Cobargo Folk Festival (CFF) in early March 2019 was a breath of fresh air for many who made their way to the beautiful green valleys and rolling hills just north of Bega, New South Wales. Not too far south of Narooma, and within a five iron of a heaven.
For this peripatetic scribe, it was a homecoming of sorts to the world of Australian folk festivals. A temporary one, as it transpired.
CFF came towards the end of a week or so in the Eurobodalla/Sapphire Coast region, just after the last member of my immediate family had left their home of almost twenty years in Bodalla, on an estate overlooking the quite stunning ranges of the Deua National Park.
But it was also a proper return to folk festivals after roughly five and a half years of continually wandering up and down the Australian east coast, from the deep south of New South Wales to the middling far north of Queensland.
(A handful of hours at Slacky Flat, Bulli in 2016 and 2019 doesn’t really count, does it?)
In those intervening years, the closest I’d come to our festival culture was random assorted gigs, and attendances, media, and volunteering/MC-ing at regional Queensland festivals in Cleveland, Stones Corner, and Boyne Island.
Though all events had minor folk elements, it was wonderful to be back among the campers, revellers, singers, musos, and so, so many familiar faces in a dedicated folk festival.
This is the audio file wrapped up in a bit of Overheard FM nonsense. The full written version will be here on Monday 17 October 2016 at midday AEST, 10pm Sunday Kentucky, US and 3am Monday UK time.
To tell the story of Harry Manx would take several lifetimes, and hopefully a progression of life-forms over those lives to tell the story, because the story is so mesmerising and complex that we would not be very present and in the moment of most of those lives and that could put the telling of the tale at risk as we would not be making gradual and continuous improvement as…
I believe the expression you’re looking for is, “Ain’t nobody got time for dat!”
Harry Manx has already begun his 2016 Australian tour which will take him from Sydney down to Victoria (where he is on stage tonight, Friday 23 September in Frankston) then around to Queensland, South Australia, Perth and up to Broome and Darwin, ending in the beautiful, lovely, gorgeous, I-may-be-a-little-hereditarily-biased New South Wales locales of Katoomba.
Ah, Katoomba. If there’s a more intimate, special venue than Clarendon Guest House, I want it stuffed, mounted, and hung above my fireplace – or I at least want an invite to your venue that can safely kick the Clarendon into a cocked hat. Or any poultry millinery for that matter.
So it’s a very eclectic path Harry treads, and look, I’d draw you a picture if I had a free hand, but imagine a much-twisted paper clip that’s been sitting on your desk all day on a slow Friday when you’ve been watching the clock since 9:36am – now you’re in the ballpark.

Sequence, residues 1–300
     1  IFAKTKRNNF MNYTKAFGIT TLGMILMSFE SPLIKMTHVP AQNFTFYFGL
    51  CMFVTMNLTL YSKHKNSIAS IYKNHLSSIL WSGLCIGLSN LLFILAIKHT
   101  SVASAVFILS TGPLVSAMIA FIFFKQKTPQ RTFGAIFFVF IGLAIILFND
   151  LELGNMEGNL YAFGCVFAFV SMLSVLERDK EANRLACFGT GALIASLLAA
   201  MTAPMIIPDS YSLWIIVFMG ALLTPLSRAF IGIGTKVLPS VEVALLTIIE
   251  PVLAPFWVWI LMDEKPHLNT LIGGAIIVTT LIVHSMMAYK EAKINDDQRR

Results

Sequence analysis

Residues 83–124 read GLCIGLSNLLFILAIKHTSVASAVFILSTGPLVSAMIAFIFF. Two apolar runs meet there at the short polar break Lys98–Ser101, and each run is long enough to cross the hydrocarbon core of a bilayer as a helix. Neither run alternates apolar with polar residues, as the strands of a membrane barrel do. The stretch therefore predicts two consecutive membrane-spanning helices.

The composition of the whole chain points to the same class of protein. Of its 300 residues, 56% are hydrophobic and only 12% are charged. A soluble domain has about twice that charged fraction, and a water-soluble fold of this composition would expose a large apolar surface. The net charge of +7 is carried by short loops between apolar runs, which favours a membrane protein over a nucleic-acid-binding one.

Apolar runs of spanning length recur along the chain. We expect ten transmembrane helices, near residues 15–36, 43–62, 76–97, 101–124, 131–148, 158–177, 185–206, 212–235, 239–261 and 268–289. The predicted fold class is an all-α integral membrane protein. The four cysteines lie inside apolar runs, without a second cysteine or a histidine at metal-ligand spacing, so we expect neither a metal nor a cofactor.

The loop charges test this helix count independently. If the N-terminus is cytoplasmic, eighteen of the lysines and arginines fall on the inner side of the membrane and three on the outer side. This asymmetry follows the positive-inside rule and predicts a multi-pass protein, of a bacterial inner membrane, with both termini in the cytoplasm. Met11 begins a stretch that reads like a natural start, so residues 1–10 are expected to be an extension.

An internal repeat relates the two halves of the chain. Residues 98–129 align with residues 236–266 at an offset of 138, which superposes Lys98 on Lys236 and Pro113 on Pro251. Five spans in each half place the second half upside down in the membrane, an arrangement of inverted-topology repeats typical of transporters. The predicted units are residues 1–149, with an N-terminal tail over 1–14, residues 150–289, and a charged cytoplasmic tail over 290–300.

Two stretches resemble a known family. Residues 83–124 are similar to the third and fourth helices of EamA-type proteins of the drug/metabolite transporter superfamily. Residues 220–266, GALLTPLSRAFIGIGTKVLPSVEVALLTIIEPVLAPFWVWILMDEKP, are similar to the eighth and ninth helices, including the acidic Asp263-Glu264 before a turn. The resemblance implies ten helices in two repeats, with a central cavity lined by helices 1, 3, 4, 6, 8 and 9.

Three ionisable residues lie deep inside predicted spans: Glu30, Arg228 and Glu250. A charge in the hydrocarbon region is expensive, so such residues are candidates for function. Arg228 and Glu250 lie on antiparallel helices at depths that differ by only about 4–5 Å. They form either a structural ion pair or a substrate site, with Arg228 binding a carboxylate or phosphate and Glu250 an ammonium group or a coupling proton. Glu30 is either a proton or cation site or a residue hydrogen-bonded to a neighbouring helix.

OR picture a moose that somehow wandered into your yard, found your sippin’ liquor in the shed, and is now making a bedraggled, loquacious and somewhat winding stagger back to the forest by a circuitous route, two-thirds of it sideways. You got it! Continue reading →
I’ve said it before and will keep saying it: you just cannot make this shit up!
Three days after the Friday night police incident where a whole passenger train was detained for ten minutes while members of the QPS swarmed around the Lota station, and after many phone calls, I’m still in the dark.
I’ll give you the Wednesday updates later, but for now, here is where Ankerss Ahrr-Whey tracks down a neighbour of mine to find out what the heck is going on.
Garry briefs us for a short while until his meal starts to go cold and his accent ships off from north England to…. we’re not quite sure where.
And for those of you who saw the teaser, you know want some more of this:
(A little tip for amateur video-ers, Youtubers: if you’re recording a live performance, be sure to include even just a little of the applause at the end. Otherwise, it’s a bit like a door slamming shut in your face when you stop talking with a friend. I was going to go with a butt cheeks analogy; aren’t you glad I didn’t?)
And now that we’ve gone there, let’s go here. Muggins is there, front and centre at about 0:10. A time of my life when song just took me somewhere I’d never been before.
On Friday 9 September 2016, at approximately 23:40, officers of the Queensland Flying Peleton Brigade boarded the train to Cleveland which had been held at Lota station and removed Bill Quinn.
Mr Quinn is current head of logistics for the Overheard Group, including Benevolent Ethical Entertainment Presenter (BEEP!) of Overheard Productions and Tawp Dawg at Bill The Housesitter.
Mr Quinn was spotted later that night in the comfy chair at #36. He’s chill. And there’s a perfect extra resource with some of these bit players.
[I’m leaving that sentence there because in time, the meaning of whatever the hairy heck it was that I meant may reveal itself. Picture a man, barely alive, lying in bed at about 3am, trying to stay awake long enough to post a brief update, but whose face kept falling asleep and slamming into the phone.]
Ask Bill if you’re looking for some promotional exposure.
But right now he’s talking Braille, so please check back at 11pm on Sunday 11 September (London time), 8am Monday 12 September (Brisbane time) or call +61-555-000-000 (for a good time).
Capalaba, Redlands Council District, Queensland, Australia